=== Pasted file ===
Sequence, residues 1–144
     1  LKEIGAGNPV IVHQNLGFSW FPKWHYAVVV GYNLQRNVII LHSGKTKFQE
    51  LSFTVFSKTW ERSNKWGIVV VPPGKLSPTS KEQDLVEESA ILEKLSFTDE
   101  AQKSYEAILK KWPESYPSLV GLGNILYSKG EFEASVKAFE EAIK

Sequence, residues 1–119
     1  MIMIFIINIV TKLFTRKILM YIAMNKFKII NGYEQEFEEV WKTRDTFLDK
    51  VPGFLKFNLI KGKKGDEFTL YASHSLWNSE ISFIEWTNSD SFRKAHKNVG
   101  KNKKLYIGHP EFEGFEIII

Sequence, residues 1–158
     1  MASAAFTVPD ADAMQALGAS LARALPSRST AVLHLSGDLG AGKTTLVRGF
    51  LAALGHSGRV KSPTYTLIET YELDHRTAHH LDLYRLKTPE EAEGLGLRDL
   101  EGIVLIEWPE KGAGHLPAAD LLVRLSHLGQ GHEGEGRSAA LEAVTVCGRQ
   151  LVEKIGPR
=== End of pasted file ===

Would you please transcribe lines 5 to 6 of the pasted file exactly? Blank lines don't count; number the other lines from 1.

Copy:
Sequence, residues 1–119
     1  MIMIFIINIV TKLFTRKILM YIAMNKFKII NGYEQEFEEV WKTRDTFLDK